6 Popular Children's Culture in Post-Perestroika Russia: Songs of Innocence and Experience RevisitedElizabeth Kristofovich Zelensky
7 Markets, Mirrors, and Mayhem: Aleksandra Marinina and the Rise of the New Russian DetektivCatharine Theimer Nepomnyashchy
8 In Search of an Audience: The New Russian Cinema of ReconciliationSusan Larsen
9 There Are no Rules on Planet Russia: Post-Soviet Spectator SportRobert Edelman
10 Saying "Lenin" and Meaning "Party": Subversion and Laughter in Soviet and Post-Soviet SocietyAnna Krylova
11 Going to the Dogs: Pet Life in the New RussiaAdele Marie Barker
Part III Sexualities
12 Publicly Queer: Representations of Queer Subjects and Subjectivities in the Absence of IdentityLaurie Essig
13 Queer Performance: "Male" BalletTim Scholl
14 Pornography in RussiaPaul W. Goldschmidt
Part IV Society and Social Artifacts
15 Body Graphics: Tattooing the Fall of CommunismNancy Condee
16 Communism as Kitsch: Soviet Symbols in Post-Soviet SocietyTheresa Sabonis-Chafee
17 From the Toilet to the Museum: Memory and Metamorphosis of Soviet TrashSvetlana Boym
18 Paranoid Graffiti at Execution Wall: Nationalist Interpretations of Russia's TravailJohn Bushnell
19 "Christianity, Antisemitism, Nationalism": Russian Orthodoxy in a Reborn Orthodox RussiaJudith Deutsch Kornblatt
20 Suspending Disbelief: "Cults" and Postmodernism in Post-Soviet RussiaEliot Borenstein
Contributors
Index
List of Illustrations
Acknowledgments
Part I Introduction
1 Rereading RussiaAdele Marie Barker
2 The Culture Factory: Theorizing the Popular in the Old and New RussiaAdele Marie Barker
Part II Popular Culture
3 Public Offerings: MMM and the Marketing of MelodramaEliot Borenstein
4 Gagarin and the Rave Kids: Transforming Power, Identity, and Aesthetics in Post-Soviet NightlifeAlexei Yurchak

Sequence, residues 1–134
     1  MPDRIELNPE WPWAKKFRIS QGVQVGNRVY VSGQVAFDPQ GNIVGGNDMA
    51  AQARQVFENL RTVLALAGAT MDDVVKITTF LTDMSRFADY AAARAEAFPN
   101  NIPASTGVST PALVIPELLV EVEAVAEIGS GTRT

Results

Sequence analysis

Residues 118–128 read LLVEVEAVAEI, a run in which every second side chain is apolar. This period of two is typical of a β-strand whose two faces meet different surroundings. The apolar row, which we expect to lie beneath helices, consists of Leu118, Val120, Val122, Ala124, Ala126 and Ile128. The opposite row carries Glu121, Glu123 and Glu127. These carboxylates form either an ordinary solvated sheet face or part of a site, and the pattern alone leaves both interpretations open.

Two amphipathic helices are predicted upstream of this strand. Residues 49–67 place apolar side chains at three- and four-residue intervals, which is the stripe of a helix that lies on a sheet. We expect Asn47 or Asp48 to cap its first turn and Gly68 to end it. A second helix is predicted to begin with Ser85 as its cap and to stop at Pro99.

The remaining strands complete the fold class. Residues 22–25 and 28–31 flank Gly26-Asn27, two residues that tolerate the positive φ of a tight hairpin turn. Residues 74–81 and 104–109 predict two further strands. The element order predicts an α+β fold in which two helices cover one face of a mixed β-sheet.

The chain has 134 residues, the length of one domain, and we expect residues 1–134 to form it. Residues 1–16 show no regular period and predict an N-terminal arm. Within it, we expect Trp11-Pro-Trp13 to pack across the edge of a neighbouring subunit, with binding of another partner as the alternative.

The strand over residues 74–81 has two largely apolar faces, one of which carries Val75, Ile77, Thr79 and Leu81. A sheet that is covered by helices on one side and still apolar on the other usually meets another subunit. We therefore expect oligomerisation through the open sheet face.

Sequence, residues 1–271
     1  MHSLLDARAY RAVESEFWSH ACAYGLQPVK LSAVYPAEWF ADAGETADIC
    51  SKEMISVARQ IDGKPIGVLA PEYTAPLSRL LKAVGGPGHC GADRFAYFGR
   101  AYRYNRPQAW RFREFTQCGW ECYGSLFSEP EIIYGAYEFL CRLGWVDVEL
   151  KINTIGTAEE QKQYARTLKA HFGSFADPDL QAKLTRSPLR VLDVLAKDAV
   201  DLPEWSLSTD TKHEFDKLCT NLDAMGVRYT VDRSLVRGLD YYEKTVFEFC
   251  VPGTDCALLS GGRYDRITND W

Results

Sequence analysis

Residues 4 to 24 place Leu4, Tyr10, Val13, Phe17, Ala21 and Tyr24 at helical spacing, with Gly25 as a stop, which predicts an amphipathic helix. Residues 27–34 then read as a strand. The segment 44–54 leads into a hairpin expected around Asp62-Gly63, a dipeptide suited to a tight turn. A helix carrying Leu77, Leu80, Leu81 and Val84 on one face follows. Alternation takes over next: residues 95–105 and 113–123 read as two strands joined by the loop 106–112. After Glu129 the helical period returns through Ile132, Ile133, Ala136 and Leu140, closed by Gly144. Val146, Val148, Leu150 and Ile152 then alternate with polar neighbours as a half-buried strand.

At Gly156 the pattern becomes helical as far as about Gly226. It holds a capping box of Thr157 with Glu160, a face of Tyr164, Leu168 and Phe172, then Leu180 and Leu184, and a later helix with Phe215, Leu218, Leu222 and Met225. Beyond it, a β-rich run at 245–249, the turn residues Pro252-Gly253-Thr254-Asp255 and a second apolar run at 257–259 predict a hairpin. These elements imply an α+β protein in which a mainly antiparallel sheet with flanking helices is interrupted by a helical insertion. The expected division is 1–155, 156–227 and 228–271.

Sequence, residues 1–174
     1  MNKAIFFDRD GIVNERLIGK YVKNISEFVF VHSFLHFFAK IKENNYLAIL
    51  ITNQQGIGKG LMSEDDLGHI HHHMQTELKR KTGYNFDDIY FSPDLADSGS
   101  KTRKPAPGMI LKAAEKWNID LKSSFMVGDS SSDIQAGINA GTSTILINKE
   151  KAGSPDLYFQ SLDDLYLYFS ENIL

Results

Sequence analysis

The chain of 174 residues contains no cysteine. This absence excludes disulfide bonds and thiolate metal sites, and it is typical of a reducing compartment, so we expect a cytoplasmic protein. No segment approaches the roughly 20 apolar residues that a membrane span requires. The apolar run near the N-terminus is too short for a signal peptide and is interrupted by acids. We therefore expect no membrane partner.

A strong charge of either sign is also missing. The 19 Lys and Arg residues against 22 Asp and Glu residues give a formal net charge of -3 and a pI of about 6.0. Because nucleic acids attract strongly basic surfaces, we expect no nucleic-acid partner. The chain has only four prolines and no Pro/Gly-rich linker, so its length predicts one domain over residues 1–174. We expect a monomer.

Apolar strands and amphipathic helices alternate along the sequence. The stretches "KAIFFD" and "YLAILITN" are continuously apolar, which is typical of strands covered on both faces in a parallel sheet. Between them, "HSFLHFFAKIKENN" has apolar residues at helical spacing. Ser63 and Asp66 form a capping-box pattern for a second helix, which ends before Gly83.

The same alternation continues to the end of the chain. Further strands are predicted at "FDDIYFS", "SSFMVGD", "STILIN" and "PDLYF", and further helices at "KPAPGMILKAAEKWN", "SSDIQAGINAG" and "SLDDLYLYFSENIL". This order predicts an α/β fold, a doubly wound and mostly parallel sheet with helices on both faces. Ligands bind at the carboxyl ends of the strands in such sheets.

5 Between a Rock and a Hard Place: Holy Rus' and Its Alternatives in Russian Rock MusicJulia P. Friedman and Adam Weiner
6 Popular Children's Culture in Post-Perestroika Russia: Songs of Innocence and Experience RevisitedElizabeth Kristofovich Zelensky
7 Markets, Mirrors, and Mayhem: Aleksandra Marinina and the Rise of the New Russian DetektivCatharine Theimer Nepomnyashchy
8 In Search of an Audience: The New Russian Cinema of ReconciliationSusan Larsen
9 There Are no Rules on Planet Russia: Post-Soviet Spectator SportRobert Edelman
10 Saying "Lenin" and Meaning "Party": Subversion and Laughter in Soviet and Post-Soviet SocietyAnna Krylova
11 Going to the Dogs: Pet Life in the New RussiaAdele Marie Barker
Part III Sexualities
12 Publicly Queer: Representations of Queer Subjects and Subjectivities in the Absence of IdentityLaurie Essig
13 Queer Performance: "Male" BalletTim Scholl
14 Pornography in RussiaPaul W. Goldschmidt
Part IV Society and Social Artifacts
15 Body Graphics: Tattooing the Fall of CommunismNancy Condee
16 Communism as Kitsch: Soviet Symbols in Post-Soviet SocietyTheresa Sabonis-Chafee
17 From the Toilet to the Museum: Memory and Metamorphosis of Soviet TrashSvetlana Boym
18 Paranoid Graffiti at Execution Wall: Nationalist Interpretations of Russia's TravailJohn Bushnell
19 "Christianity, Antisemitism, Nationalism": Russian Orthodoxy in a Reborn Orthodox RussiaJudith Deutsch Kornblatt
20 Suspending Disbelief: "Cults" and Postmodernism in Post-Soviet RussiaEliot Borenstein
Contributors
Index